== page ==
While i verily believe in fundamental rights and freedoms, lets not blow things out of proportion. In the non-violence movement of Mahatma Gandhi, the principle was to respect all just laws and only disrespect unjust, draconian and discriminatory laws. If we uphold the rights of others, the government will respect our collective rights. Citizens lets all be warned, we have a duty.

Spread the word, Cheers.

Monday, June 7, 2010

ICC Review Conference in Kampala: Is Kenya Serious

Last week's events at the ICC review conference in Kampala puts in serious doubt the government's commitment in ensuring that perpetrators of Post-election violence are put to account. But i believe that the presence of two opposing parties in government-PNU and ODM is serving as a check on any attempts to delail the process. We hope that justice will suffice for victims.

The efforts to boost the ICC Trust Fund are progressive, for victims compensation.

Thursday, June 3, 2010

Marginalised communities in the Draft Constitution 2010

Marginalised communities have faced gross violation of their individual and group rights coupled with marginalisation in governance and representation. The much publicised and adjudicated plight of the Endorois and Ilchamus/Njemps communities is a critical indicator. The Endorois who after exhausting local remedies in our national courts proceeded to the African Commission on Human and People's Rights, atleast secured a favourable and landmark judgement.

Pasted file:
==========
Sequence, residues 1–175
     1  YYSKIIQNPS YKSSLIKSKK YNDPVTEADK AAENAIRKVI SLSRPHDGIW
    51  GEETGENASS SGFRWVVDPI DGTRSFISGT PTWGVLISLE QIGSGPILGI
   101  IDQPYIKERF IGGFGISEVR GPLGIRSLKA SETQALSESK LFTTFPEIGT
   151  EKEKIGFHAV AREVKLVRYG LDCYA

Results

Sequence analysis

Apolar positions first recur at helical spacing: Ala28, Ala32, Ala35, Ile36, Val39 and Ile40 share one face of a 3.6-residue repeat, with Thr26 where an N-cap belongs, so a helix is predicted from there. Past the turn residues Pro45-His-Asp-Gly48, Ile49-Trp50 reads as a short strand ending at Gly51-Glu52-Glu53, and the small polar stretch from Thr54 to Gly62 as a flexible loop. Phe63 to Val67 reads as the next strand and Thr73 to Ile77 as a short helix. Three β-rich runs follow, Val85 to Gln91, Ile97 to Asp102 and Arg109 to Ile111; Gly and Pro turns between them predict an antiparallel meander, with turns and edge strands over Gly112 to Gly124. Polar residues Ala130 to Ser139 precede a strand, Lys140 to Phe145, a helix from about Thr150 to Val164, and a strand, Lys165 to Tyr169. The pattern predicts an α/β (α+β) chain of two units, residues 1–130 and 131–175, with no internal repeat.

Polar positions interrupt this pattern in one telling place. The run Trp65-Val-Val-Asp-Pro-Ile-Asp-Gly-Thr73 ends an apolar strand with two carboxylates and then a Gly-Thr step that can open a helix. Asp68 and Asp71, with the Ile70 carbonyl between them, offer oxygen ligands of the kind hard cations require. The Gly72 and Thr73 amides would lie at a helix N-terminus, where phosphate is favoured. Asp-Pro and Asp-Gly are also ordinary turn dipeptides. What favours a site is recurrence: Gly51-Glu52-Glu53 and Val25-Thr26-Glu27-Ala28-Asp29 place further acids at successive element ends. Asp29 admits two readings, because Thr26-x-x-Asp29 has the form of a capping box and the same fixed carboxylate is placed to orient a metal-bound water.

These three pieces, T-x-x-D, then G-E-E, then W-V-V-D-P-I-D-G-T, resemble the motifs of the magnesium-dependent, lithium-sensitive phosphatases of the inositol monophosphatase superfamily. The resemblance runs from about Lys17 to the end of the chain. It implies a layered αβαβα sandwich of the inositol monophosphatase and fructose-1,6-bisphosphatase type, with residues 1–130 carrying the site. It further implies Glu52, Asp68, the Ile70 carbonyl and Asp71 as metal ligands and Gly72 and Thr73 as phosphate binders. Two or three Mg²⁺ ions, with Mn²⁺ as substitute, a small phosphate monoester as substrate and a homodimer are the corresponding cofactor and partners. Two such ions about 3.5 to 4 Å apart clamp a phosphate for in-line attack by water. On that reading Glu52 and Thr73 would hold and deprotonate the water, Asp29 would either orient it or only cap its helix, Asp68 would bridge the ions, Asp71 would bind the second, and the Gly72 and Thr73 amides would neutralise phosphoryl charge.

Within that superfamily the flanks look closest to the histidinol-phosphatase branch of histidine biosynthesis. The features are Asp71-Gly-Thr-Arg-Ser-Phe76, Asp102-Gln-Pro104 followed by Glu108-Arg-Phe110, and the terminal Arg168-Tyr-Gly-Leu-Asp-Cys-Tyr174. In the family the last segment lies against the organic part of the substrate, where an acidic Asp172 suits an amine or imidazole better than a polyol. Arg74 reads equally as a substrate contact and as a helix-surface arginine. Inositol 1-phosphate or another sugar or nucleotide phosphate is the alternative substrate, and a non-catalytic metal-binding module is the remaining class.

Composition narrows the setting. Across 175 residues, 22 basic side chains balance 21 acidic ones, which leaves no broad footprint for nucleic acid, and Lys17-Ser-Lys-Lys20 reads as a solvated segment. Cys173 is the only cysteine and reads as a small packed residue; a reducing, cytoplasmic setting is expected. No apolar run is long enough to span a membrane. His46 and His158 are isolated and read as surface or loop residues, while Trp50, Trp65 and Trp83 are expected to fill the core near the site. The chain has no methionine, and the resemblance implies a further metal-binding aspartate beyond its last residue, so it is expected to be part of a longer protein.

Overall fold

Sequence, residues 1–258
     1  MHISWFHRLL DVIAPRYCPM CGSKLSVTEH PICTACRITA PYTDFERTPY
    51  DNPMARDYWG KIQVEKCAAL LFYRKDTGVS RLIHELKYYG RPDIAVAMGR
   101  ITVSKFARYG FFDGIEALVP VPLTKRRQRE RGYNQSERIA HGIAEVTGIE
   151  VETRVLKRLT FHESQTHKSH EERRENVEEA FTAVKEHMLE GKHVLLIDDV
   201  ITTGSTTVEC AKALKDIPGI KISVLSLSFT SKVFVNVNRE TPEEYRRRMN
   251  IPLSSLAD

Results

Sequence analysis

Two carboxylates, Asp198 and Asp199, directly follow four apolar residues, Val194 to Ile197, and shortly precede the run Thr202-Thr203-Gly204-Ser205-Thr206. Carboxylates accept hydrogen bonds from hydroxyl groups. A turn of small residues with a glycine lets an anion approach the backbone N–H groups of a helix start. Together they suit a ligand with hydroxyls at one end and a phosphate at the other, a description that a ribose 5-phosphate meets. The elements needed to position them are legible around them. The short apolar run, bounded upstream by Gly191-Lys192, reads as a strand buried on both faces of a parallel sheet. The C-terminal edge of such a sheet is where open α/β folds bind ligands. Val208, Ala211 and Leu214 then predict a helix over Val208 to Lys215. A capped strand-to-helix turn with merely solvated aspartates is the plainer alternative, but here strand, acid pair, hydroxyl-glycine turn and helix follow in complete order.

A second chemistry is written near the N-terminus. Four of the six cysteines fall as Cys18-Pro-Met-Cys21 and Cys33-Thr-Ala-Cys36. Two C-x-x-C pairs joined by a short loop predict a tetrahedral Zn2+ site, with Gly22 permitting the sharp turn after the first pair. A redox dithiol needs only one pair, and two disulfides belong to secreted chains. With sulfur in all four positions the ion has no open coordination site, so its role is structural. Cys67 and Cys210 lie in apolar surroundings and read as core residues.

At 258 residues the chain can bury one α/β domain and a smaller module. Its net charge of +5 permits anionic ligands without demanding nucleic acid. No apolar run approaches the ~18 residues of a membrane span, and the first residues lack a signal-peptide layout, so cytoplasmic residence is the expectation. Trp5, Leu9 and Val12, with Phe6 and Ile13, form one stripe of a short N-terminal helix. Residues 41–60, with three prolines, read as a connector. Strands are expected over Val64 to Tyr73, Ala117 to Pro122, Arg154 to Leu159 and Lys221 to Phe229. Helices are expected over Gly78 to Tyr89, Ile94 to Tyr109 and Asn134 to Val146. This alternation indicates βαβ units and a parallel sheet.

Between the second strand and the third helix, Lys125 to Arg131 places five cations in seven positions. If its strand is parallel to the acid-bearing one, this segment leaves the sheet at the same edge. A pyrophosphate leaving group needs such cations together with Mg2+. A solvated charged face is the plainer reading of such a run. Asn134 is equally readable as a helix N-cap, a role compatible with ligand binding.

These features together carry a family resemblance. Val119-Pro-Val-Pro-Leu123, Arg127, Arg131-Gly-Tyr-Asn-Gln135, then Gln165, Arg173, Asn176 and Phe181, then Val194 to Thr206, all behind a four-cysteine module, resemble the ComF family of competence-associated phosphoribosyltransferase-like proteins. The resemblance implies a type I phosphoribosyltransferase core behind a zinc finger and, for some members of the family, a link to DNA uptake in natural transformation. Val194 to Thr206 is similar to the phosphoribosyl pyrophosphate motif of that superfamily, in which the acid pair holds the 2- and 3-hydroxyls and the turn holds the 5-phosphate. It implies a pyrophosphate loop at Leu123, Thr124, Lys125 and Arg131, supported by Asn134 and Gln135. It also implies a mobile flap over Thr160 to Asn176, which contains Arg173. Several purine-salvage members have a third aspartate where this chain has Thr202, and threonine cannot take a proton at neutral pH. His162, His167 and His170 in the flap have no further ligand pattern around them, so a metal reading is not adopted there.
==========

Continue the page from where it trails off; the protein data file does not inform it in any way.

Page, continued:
The proposed constitution published by the Attorney General on 6.05.2010 recognioses the unique circumstances of marginalised communities and guarantees their rights. To begin with, the term 'Marginalised Community' is well defined in Article 260. The preamble recognises the fact of our ethnic, cultural and ethnic diversity. In vesting all sovereign power on the people of Kenya in Article 1, it should be read to include Marginalised communities.

Article 10 recognises the protection of marginalised communities as one of the national values that Kenyans hold dear as the guiding light to our coexistence. Article 11 recognises culture as Kenya's foundation and imposes a duty on the state to promote all forms of national and cultural expressions. The article should be read together with Article 44 on on the right to lunguage and culture. Article 11(3) also provides that parliament shall enact legislation to ensure communities receive royalties for the use of their culture. According to Article 261(1) and the Fifth Schedule, parliament must do so within five years.

Article 19(2) provides that the purpose of recognising and protecting human rights and fundamental freedoms is to preserve the dignity of communities and promotion of social justice. Article 21(3) imposes a duty on state organs and public officials to address the needs of, among others, members of minority or marginalised communities and members of ethnic, religious and cultural communities.